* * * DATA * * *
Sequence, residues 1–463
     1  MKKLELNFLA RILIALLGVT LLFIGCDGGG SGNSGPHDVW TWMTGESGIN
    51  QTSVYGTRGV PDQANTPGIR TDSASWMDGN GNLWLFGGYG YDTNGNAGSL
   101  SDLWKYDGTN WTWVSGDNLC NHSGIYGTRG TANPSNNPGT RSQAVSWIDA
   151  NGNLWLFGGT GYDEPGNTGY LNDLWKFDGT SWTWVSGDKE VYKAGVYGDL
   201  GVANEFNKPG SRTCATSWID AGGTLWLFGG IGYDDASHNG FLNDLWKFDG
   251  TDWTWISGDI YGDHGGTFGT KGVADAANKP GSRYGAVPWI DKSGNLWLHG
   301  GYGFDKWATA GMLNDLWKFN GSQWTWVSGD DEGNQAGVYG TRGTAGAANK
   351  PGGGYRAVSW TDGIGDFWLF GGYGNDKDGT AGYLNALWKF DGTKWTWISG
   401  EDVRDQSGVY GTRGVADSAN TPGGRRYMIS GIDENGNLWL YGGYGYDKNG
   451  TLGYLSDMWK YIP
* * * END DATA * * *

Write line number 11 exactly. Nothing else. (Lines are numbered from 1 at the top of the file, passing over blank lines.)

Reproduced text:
   451  TLGYLSDMWK YIP